Is Rancher’s Success Against Ragweed Really a Win?

An article in the March 2012 issue of BEEF magazine describes the success that a rancher in Oklahoma has had in using herbicide to improve his pastures.  Using a combination of fertilizer and herbicide treatments to combat ragweed, he describes how, with good rainfall, he harvested 4.12 bales/acre of 1,500 lb. large square bales in 2010, and then 2.18 bales/acre during drought in 2011.  In those areas where he only applied herbicide in the drought year, he got 1.84 bales per acre.  In 2010, the extra inputs were a wash because the cost of production was about equal to what he could have purchased hay for.  The rancher didn't run numbers for 2011, when drought increased hay costs, but felt that he was ahead because he didn't have to purchase as much hay as he might have. What really caught my eye was the rancher's comments about the protein value of his hay.  In 2010, the protein was 7%.  But in the 2011 drought year, the areas where he used both fertilizer and herbicide produced 8.7% protein hay.  Yet, in spite of the gains in protein values, he still doesn't have enough to meet the maintenance requirements of his animals:  10.5% CP for matur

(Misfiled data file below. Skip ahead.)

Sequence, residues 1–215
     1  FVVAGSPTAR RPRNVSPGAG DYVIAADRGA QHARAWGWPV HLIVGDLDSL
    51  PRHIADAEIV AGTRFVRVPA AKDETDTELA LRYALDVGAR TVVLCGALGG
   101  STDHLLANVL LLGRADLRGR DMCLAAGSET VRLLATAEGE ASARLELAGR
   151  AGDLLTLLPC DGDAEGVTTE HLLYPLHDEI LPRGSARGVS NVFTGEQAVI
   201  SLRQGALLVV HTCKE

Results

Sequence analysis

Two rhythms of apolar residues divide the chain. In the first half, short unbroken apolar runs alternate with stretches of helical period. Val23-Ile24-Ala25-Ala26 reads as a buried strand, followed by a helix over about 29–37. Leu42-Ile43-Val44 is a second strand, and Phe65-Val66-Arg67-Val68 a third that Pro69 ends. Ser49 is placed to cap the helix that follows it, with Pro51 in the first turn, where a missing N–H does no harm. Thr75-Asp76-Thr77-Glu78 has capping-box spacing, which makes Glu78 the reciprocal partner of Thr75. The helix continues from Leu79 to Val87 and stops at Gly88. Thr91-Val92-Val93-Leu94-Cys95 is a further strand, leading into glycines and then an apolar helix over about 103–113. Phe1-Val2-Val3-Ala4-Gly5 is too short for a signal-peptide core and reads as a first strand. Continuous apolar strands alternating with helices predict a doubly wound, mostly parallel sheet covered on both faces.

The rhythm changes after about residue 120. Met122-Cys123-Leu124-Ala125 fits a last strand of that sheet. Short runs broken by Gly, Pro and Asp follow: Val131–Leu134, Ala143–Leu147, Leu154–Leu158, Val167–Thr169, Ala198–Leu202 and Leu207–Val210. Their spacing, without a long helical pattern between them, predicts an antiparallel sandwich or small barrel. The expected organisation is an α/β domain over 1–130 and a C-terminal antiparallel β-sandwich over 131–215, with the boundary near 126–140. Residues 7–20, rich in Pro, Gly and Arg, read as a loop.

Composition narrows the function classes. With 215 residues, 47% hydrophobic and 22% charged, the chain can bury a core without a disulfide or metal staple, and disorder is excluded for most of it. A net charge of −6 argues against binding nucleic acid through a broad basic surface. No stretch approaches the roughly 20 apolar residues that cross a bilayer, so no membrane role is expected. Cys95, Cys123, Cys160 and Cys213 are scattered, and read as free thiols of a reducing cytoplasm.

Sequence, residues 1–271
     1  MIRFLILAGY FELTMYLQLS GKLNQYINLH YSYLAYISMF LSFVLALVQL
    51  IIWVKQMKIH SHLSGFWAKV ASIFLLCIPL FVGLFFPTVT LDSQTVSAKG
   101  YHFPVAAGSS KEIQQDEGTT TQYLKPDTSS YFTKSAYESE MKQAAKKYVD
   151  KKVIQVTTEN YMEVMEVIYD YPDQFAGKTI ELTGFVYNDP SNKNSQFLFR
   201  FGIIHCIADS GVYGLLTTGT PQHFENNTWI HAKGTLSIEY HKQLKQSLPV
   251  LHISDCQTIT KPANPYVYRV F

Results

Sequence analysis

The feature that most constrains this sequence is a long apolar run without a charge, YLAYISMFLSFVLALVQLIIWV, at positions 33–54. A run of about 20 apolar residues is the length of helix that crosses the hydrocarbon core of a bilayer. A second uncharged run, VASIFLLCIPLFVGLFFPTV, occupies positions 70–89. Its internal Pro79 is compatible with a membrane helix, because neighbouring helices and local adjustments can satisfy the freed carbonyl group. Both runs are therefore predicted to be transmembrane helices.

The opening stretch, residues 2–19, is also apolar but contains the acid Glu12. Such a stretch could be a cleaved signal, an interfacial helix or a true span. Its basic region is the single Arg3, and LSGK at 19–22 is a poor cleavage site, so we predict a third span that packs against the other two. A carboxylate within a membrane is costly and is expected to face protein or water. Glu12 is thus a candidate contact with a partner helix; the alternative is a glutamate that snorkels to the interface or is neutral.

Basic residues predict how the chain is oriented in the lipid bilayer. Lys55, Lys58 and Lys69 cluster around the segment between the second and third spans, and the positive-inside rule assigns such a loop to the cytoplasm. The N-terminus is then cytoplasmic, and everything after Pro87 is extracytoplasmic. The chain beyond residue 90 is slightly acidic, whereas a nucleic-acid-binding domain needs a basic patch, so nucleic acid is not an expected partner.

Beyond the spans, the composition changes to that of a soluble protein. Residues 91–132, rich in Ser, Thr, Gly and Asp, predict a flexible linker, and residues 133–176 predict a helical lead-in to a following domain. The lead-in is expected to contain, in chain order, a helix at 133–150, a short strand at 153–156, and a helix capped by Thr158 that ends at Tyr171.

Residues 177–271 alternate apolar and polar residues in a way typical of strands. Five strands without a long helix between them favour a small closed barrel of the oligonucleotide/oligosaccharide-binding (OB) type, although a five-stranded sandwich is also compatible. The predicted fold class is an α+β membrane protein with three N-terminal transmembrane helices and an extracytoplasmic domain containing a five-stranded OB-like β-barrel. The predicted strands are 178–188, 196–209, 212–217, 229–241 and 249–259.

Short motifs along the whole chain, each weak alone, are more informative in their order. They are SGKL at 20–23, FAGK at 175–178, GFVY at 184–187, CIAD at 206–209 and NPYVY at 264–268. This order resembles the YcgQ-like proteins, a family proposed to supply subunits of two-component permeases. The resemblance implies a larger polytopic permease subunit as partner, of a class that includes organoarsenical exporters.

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3 thoughts on “Is Rancher’s Success Against Ragweed Really a Win?

  1. Another comment. In the wild cattle ate everything available for survival. We have so babied our cattle that they lost this natural behavior. Let a cow be a cow. She knows what to do if you let her.

  2. Another point about cattle grazing weeds. The weeds are there taking moisture from the soil. If a cow is eating these weeds, she is in effect taking more pounds of forage production off the land. Instead of weeds being wasted, they create a greater forage base. Cattle need a diversity in their diet which contributes to their health. Weeds will always be there, so learn to love them.

  3. Good article. This rancher produces hay tho -isn’t grazing this pasture? If he bales it, How might the drying of the ragweed affect the nutritional value? Perhaps since it started off better than alfalfa, it would retain it’s advantage. Additionally,once it goes to seed would it’s value decline dramatically and ruin his last cutting? That would be costly. Just things to ponder. I’ve hand fed my cattle young ragweed and they will nibble on it but have not taught them to eat it- guess I should try it.

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